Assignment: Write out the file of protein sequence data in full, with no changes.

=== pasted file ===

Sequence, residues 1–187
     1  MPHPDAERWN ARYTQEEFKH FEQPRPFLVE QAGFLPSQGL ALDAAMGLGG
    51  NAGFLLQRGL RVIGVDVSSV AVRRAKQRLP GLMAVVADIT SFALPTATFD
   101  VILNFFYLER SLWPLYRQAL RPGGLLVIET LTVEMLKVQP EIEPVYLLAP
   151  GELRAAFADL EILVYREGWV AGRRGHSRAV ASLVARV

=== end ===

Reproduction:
Sequence, residues 1–187
     1  MPHPDAERWN ARYTQEEFKH FEQPRPFLVE QAGFLPSQGL ALDAAMGLGG
    51  NAGFLLQRGL RVIGVDVSSV AVRRAKQRLP GLMAVVADIT SFALPTATFD
   101  VILNFFYLER SLWPLYRQAL RPGGLLVIET LTVEMLKVQP EIEPVYLLAP
   151  GELRAAFADL EILVYREGWV AGRRGHSRAV ASLVARV